“When I eventually got into a school, the fact it was in another country spoke volumes. It’s really hard to get into somewhere like RADA, for example, but probably even more difficult if you don’t fit the bill.”

As a young British Indian actress with no role models on screen who resembled her and then being the older Brit at an acting school with 18-year-olds – to some extent, Karen has never quite fit the bill.

An online CV refers to her as “ethnically ambiguous”. It’s a phrase she both loathes and can laugh about, but what makes her different is what Karen uses to her advantage.

Research, knowing how to market herself and building a strong sense of self has been key to Karen’s success as a professional actress since 2017.

A head shot of Karen by photographer Coco Jourdana
Source: Coco Jourdana Photography ©

“It started in drama school for me. I was the only British Asian girl in a graduating class of 130 people so I knew not everyone was going for the same roles as me. Despite being the only one, the school year itself was quite diverse and being in America meant I wasn’t going to have classmates from where I’m from.

“In general, there are very few Asian people pursuing acting as a viable career because it’s not encouraged as a safe option.”

Now, Karen sees more diversity in the industry. Successful women on screen like Priyanka Chopra (rumoured to be joining the Matrix 4 cast) and the Good Place’s Jameela Jamil has made Karen feel that there’s more room for her now.

Still, she is firm about being on her own journey.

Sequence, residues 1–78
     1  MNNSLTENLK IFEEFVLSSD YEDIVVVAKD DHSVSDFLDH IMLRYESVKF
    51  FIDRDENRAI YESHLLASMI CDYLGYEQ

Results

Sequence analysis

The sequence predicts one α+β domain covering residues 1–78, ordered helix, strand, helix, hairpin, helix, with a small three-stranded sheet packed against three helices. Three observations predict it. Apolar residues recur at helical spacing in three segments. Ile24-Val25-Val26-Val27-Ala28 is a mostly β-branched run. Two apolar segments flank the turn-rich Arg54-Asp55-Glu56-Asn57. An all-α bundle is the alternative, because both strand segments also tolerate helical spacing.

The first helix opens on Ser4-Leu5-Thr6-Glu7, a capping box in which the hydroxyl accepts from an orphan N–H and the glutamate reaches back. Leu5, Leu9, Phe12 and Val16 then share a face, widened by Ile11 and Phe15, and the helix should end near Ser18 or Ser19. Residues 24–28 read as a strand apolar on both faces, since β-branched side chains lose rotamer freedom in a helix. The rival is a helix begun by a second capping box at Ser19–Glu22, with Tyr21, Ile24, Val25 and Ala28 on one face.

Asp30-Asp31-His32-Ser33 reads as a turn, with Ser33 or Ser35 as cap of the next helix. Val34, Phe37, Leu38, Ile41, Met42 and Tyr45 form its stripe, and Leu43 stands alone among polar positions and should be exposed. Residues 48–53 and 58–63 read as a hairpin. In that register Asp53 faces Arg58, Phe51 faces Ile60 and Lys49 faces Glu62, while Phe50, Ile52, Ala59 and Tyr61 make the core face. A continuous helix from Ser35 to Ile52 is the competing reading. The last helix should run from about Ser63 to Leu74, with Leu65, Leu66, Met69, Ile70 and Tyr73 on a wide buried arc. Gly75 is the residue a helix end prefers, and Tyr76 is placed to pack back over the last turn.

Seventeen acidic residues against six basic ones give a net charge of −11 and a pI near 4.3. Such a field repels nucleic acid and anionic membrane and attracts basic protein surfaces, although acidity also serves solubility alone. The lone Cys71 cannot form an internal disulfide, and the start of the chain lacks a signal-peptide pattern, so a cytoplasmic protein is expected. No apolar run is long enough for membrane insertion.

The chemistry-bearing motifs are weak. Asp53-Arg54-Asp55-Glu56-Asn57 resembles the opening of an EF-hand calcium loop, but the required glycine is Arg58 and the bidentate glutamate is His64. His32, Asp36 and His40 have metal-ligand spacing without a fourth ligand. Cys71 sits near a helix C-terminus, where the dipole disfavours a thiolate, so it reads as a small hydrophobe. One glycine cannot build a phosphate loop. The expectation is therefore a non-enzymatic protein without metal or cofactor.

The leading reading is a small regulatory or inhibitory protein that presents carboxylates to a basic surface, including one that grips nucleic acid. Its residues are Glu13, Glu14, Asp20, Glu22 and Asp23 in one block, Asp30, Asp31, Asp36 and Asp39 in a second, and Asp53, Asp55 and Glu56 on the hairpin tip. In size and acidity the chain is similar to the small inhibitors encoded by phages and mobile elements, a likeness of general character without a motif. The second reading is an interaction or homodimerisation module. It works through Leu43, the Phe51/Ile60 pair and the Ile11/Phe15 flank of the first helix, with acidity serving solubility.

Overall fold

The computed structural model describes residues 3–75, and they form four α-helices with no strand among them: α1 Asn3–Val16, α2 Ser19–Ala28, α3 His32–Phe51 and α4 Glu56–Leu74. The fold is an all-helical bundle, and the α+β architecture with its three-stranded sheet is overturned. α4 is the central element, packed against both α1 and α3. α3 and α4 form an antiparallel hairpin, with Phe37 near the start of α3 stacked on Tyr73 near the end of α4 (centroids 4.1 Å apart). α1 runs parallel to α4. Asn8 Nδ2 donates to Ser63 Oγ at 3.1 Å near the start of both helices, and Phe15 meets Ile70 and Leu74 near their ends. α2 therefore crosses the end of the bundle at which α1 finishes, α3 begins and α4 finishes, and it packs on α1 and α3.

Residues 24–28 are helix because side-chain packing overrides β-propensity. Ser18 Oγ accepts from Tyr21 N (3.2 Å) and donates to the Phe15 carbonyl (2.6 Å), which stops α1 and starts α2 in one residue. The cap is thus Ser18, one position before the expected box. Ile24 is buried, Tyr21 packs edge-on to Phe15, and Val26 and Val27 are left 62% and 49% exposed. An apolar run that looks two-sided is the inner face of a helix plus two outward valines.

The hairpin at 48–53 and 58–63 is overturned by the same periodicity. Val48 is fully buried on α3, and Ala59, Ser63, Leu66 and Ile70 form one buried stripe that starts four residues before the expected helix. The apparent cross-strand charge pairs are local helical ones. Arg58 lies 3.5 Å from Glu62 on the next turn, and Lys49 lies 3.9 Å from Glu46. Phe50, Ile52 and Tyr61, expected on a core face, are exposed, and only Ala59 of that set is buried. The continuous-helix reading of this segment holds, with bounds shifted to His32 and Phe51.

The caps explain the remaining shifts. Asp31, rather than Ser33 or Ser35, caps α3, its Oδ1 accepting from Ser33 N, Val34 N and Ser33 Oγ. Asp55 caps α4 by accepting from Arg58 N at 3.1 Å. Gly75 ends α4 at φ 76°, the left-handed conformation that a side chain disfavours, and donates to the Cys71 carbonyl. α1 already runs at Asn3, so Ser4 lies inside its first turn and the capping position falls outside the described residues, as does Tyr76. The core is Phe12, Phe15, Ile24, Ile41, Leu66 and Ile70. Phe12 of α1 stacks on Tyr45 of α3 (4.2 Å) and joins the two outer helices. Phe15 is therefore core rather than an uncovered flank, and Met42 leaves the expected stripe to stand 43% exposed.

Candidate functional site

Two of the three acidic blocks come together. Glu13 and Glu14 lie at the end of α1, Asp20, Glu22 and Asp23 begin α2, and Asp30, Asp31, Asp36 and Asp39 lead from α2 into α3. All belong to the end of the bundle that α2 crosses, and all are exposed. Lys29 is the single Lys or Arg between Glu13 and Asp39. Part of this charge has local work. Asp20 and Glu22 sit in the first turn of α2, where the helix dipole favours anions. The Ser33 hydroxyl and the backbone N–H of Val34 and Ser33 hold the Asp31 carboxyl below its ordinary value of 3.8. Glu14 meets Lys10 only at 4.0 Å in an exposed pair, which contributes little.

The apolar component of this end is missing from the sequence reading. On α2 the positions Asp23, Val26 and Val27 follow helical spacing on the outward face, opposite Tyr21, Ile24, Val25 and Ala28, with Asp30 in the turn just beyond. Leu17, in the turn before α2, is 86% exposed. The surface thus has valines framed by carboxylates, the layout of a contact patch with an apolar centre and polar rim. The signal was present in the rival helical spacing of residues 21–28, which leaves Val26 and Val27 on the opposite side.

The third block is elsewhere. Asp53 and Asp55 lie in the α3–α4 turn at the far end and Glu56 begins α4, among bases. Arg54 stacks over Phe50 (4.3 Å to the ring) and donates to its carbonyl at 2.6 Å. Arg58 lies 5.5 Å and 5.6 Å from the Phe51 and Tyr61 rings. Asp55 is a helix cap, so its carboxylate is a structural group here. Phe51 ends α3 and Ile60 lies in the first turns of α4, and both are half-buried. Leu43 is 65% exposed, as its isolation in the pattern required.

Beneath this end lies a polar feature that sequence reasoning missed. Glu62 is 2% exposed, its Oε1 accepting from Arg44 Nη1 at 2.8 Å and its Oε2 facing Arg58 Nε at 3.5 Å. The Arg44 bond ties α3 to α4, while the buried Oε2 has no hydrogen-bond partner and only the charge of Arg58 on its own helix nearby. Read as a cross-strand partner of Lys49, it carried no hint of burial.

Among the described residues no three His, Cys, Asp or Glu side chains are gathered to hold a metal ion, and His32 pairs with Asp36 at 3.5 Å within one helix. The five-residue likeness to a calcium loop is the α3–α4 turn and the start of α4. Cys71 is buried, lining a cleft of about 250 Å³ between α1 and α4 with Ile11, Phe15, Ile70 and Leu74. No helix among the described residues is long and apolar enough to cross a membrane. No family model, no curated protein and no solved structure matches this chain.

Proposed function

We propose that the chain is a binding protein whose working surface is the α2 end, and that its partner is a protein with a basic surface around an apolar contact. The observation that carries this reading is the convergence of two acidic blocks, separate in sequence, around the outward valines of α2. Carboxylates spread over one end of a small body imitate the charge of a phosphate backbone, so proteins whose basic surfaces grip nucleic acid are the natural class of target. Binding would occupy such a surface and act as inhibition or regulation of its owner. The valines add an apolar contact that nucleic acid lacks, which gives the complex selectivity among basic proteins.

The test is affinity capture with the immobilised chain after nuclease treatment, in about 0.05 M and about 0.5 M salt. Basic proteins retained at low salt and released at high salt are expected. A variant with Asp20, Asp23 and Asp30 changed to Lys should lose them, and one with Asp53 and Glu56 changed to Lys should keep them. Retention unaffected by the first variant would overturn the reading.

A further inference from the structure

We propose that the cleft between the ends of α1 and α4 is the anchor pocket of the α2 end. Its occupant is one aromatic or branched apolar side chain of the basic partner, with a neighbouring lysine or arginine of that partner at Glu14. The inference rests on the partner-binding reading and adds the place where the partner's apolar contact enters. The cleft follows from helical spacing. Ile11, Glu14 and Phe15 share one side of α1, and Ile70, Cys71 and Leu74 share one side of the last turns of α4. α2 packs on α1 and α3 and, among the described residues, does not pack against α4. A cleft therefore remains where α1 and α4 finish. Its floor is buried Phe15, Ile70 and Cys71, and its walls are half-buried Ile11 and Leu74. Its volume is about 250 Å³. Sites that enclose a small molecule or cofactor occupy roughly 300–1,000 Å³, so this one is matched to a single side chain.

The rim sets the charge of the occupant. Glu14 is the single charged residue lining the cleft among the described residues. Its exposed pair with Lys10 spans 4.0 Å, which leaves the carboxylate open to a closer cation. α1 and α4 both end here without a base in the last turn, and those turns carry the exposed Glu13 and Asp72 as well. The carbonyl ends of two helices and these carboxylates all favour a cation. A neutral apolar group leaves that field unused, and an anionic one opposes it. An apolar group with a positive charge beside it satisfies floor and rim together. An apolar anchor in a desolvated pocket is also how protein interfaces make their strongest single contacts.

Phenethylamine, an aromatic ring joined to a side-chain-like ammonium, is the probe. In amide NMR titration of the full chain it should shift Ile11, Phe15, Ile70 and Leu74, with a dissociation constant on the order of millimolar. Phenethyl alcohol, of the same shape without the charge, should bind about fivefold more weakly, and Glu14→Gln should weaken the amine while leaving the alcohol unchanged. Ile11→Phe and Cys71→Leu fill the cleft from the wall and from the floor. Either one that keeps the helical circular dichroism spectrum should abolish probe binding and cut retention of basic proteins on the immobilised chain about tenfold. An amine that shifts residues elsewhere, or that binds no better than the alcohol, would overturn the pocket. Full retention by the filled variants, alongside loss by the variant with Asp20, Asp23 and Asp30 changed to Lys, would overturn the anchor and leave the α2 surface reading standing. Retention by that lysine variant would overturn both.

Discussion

“It’s important to note where your strengths are and back yourself. I do a very good American accent so that opens my casting options. I can play the British Asian girl or the south Asian American girl.

“Luckily, not fitting into the mould is the new thing people are looking for.

“What you know and what you research is important too. I know which TV shows film in New York, what TV production companies I can work for because there are some that only work with US citizens or Green Card holders. I know the theatre companies producing new plays and so on.

“About 60 per cent of the work I’ve gotten has come from someone asking me to audition because I’d been recommended or the casting directors saw me in something.

“Essentially it’s a network, so you move through that network and establish your career.”

Karen’s acting credits cover a range of jobs across theatre and film.

A scene from theatre production, As you like it, where she played Phebe

Comedy short Frank’s Plan about a nosey neighbour who’s rumbled by a brazen teenage neighbour, has been picked up by Amazon Prime – a big win for the cast.

She played the lead role in Journey to America – a play about the migration of European immigrants to America via Ellis Island – at Carnegie Hall – as well as in Moira Buffini’s Welcome to Thebes, playing Eurydice.